AI series part two: How artificial intelligence and machine learning fit into your fuel pricing strategy
As your market progresses through phases of maturity, you must measure the value of your machine intelligence carefully. More specifically, there will be varied and potentially extreme changes occurring in the market during the transition from stage two of maturity (unstable) into stage three (competitive). As you set prices, your competitors will react; as the number of new entrants into the market rises, your supply costs may change. You should begin to consider how to incorporate machine learning and artificial intelligence into your strategy as these changes occur. Good news: You don’t have to worry. You have to learn.
The proliferation of data we explored in the last post will allow you to react appropriately to the shape of the morphing market. There will, of course, be intake, learning, and action. The optimization aspect of your pricing strategy will be based on this machine learning.
Step by step, this occurs as follows:
You (via an automated process) will feed data (your own prices, competitor prices, your volumes, your costs) into your system, at the required frequency. The system will use this data to refine the model, responding to demand shifts — the right machine learning model will understand how demand has varied as your prices, competitors and market have. Each time new data is fed into the system, it is asking the questions: did we perform as anticipated based on that price? Does the model need to be refined based on this performance? This model refinement is a continual process of learning and adjusting.
Using this model, and with consideration for your price positioning strategy, volume and margin targets and price-move constraints, the optimization algorithms will be able to say, “Based on what I know about everything I see, I know what the optimal price should be.” This is where artificial intelligence comes into play: when retailers set their prices while considering multiple constraints or rules that would have been taken into account if they were manually making that pricing decision. For example, among other things, you will need to think about what the site down the road is doing in order to stay within a given range. You will need to consider how a cost may change, and how that change will affect your margin. You will need to consider the perfect price that allows for you to gain volume without gaining so much that you run out of fuel. You will need to consider how to avoid eroding the market or initiating a price war. All while ensuring that you are meeting your margin and volume targets. Artificial intelligence is the act of performing checks based on these rules to produce a price that is optimal.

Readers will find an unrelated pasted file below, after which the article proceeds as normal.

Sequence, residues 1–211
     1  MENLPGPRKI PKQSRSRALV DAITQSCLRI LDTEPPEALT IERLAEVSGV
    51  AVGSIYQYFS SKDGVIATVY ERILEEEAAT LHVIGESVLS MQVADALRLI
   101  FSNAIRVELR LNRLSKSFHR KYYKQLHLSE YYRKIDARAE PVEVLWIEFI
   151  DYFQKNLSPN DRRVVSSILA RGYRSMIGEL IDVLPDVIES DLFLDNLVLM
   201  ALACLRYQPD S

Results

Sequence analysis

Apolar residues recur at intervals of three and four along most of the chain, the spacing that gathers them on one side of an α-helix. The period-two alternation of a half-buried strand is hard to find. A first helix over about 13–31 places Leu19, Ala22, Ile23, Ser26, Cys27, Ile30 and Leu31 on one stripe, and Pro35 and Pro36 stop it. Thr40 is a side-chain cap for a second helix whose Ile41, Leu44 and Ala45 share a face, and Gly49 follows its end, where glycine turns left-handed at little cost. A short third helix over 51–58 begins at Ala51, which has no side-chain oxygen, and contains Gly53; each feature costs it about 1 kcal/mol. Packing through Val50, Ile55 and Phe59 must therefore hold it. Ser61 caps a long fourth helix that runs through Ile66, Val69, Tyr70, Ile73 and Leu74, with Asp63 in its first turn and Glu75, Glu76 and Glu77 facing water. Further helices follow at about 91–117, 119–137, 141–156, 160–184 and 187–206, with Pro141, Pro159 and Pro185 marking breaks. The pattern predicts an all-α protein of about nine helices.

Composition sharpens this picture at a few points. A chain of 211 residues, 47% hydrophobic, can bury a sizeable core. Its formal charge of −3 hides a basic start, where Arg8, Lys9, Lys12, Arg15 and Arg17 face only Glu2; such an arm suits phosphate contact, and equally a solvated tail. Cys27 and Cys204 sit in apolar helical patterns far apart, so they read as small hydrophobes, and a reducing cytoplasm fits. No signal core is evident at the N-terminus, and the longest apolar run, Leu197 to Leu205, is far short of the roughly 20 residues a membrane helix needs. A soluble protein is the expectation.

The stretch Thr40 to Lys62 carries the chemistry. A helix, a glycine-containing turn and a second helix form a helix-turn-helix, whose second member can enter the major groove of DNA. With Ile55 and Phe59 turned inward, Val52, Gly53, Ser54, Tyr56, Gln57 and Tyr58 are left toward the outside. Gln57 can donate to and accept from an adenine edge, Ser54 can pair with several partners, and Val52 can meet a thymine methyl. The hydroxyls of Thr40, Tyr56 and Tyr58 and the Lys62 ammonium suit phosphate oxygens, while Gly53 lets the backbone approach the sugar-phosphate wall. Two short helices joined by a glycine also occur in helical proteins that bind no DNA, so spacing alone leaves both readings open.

All of this can feel decidedly objective. As we mentioned in the introduction to this piece, however, caution is a requisite. There will always remain subjectivity if you are to reach pricing success — without contributing too greatly to volatility. You must, therefore, create exceptions. There will be instances where all checks have been run, an optimal price has been produced, but a particular case requires handling as an exception. At that point, it’s up to you to make the subjective decision that informs the model.
Generally, we see at least an 80-90 percent automation rate. But there may be around 10 to 20 percent that you want to view a bit more deeply — perhaps because this particular site is your “pet” site, or perhaps because you know this site has been low performing and you want to keep your eye on it. Or perhaps there are secondary rules that shouldn’t constrain the optimization process, but you want to be informed if they are not being met. That’s where exceptions come into play, and where you should exercise your informed subjectivity.
In our next post, we’ll discuss the intricacies of maintaining your pricing strategy while simultaneously navigating your market maturity stage — all using artificial intelligence and machine learning.
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